Some of the candidates see that dissatisfaction as a mandate for systemic changes in the way the city addresses public safety, climate change, and homelessness — continuations of the momentum built throughout the pandemic and the protests.

“I talk a lot about defining the new normal, especially as we recommit ourselves to racial justice and equity in our city,” said González, the council president. The only candidate currently holding elected office, she has the task of conveying that an insider like herself can drive systemic change. Going back to what was considered normal before should not be an option, she said. “I think that this election is about electing a leader who has the ability, the leadership skills, and the relationships to effectively define a new normal,” she said.

Echohawk promised a complete transformation of how the city addresses homelessness, a pledge based on her time as the director of the Chief Seattle Club. An enrolled member of the Kitkehahki Band of the Pawnee Nation and a member of the Upper Athabascan people of Mentasta Lake, she said she views the current moment through the Native principle of the seven generations — looking back three generations and forward three generations and acting on their behalf.

“We cannot go back to the old normal,” she said. “We have to be looking ahead for generations to come.”


Farrell described Seattle as being in a place of facing “these big existential issues around what a city is” — whether it will become a “playground of the wealthy” or not.

“​​I think we need to stop patting ourselves on the back for incrementalism and think big,” she said.

There’s also a dark edge to the warnings of existential crises, of what Seattle could become if that moment is not met. Sixkiller and Harrell are both running campaigns that are more explicit backlashes against City Hall — despite Sixkiller’s recent job in the mayor’s office and Harrell’s long tenure as a member of the city council. When they speak about Seattle as being at a pivotal moment, it serves as a warning of sorts that, without a change in direction, a precipitous decline could follow.

“What's at stake is that if we, if our policies and the implementation of our policies, are not optimal, we could lose work, and jobs will leave the city and our tax base will lessen,” said Harrell. “And it could be a perpetual spin down.”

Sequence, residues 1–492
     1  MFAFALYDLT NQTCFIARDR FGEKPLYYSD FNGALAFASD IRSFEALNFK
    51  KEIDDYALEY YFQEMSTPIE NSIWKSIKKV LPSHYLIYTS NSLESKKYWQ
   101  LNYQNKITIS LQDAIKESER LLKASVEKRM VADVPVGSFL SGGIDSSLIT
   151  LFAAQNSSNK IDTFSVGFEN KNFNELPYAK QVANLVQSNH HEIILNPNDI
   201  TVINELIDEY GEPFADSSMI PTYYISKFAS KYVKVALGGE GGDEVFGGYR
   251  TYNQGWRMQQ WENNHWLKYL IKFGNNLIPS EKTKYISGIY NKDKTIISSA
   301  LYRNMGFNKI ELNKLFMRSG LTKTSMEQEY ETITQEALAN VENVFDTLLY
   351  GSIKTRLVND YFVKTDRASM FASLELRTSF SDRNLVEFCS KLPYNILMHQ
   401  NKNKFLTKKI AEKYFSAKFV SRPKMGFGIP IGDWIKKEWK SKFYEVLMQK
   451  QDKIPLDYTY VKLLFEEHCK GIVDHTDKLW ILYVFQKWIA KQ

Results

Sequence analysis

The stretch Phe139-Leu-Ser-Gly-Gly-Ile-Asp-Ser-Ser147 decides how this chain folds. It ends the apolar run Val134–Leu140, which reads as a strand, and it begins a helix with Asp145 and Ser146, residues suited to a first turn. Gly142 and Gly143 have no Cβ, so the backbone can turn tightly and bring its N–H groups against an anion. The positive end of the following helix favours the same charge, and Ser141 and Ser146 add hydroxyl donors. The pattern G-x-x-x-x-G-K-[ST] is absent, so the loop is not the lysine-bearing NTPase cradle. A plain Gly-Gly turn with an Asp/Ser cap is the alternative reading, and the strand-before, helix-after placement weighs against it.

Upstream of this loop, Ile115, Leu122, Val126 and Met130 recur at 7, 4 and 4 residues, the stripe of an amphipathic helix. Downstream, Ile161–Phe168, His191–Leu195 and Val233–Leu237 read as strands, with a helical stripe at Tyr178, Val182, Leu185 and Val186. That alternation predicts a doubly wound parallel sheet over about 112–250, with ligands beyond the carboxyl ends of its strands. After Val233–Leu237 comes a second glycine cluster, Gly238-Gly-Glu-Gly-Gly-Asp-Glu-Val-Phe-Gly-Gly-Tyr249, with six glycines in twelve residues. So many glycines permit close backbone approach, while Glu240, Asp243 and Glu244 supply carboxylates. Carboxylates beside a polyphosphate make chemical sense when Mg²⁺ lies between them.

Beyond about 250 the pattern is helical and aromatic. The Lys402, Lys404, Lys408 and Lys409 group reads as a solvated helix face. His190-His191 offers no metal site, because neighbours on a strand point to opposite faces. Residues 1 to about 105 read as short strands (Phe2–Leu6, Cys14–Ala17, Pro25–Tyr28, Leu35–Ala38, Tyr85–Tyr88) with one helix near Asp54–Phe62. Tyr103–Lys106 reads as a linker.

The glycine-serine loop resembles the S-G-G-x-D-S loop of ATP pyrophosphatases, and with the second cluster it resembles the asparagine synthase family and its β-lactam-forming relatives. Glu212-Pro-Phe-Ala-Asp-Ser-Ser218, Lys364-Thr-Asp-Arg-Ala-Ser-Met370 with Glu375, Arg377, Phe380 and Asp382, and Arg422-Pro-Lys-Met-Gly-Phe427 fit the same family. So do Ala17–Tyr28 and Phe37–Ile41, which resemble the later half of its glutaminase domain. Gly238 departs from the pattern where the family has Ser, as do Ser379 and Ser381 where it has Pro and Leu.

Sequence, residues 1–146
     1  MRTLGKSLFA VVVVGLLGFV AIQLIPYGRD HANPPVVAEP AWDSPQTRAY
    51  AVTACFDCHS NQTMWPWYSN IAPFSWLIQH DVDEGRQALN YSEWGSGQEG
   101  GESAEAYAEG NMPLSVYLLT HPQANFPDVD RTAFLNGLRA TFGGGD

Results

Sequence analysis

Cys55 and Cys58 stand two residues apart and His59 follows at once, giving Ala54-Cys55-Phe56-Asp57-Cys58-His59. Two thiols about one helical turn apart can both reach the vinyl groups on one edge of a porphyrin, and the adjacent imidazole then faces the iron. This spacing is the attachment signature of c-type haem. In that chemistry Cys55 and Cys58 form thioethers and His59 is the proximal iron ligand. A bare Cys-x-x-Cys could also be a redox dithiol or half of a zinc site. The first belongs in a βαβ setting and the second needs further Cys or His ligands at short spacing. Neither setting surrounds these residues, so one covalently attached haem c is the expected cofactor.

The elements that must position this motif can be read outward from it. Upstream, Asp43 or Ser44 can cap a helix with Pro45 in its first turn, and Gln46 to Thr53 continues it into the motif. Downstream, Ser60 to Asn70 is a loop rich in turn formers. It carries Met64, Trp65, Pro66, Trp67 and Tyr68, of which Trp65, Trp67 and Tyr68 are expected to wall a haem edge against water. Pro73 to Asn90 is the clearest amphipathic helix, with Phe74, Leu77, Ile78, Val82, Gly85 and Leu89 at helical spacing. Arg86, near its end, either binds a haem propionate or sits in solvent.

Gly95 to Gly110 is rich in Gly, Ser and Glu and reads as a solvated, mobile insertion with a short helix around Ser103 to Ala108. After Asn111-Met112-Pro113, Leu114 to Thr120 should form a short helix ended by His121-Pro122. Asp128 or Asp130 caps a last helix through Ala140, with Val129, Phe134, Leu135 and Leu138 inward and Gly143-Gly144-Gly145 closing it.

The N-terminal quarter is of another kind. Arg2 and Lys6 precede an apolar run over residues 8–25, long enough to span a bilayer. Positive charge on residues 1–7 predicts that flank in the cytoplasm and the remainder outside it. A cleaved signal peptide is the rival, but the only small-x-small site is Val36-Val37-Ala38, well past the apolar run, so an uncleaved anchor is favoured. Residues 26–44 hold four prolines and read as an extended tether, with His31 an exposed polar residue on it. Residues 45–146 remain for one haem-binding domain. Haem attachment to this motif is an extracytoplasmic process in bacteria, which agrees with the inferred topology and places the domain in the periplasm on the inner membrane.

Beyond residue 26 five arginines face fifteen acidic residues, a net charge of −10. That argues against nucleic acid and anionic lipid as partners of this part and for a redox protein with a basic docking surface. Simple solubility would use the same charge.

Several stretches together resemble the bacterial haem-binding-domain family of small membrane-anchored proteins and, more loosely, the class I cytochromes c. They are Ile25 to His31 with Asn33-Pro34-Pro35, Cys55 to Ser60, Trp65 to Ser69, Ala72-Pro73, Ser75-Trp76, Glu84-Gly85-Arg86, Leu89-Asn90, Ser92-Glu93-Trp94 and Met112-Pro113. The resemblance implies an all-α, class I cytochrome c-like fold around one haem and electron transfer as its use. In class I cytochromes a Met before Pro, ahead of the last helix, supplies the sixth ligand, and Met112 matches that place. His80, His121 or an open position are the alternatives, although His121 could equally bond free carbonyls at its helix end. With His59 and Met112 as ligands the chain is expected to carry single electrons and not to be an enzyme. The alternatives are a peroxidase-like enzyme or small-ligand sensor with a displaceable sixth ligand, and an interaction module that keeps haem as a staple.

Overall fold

“Seattle’s a hot mess,” said Sixkiller, pointing in particular to the number of tents around the city. He warned of people he knows threatening to leave Seattle. “There's a ticker, there's a countdown clock,” he said, invoking the specter of suburban flight of the 1980s. “A mass exodus I think is possible.”

Most of the candidates argue that meeting at that moment will require a mayor who can bring together competing voices. Only Grant Houston said that were he to become mayor, he would do things that would make many people unhappy. Incrementalism may have worked in the past, he said, but it’s too late for that.

“There are going to be people who are going to be unhappy,” he said. “It just has to happen. But when you are doing things to take care of those who need help most, at the end of the day it will help all of us.”

All elections are beset with some level of hyperbole about the stakes. But after a year that wore out the term “unprecedented” and with an open seat in the mayor’s office, the sense of possibility — for Seattle to become something better or to follow a glide path downward — is suddenly more tangible.

“If there's anything that COVID has shown us, we can rapidly shift, if we have the will to do that,” said Farrell.